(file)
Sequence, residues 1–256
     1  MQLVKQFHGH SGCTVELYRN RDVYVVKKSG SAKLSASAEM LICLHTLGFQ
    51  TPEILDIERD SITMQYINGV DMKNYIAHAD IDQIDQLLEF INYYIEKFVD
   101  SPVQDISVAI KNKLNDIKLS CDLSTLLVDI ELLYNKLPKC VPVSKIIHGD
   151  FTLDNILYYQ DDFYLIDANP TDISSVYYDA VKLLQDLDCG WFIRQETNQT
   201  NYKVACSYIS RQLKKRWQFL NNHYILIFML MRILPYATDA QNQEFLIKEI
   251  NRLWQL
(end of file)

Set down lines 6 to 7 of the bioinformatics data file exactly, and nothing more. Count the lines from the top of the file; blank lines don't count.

   201  NYKVACSYIS RQLKKRWQFL NNHYILIFML MRILPYATDA QNQEFLIKEI
   251  NRLWQL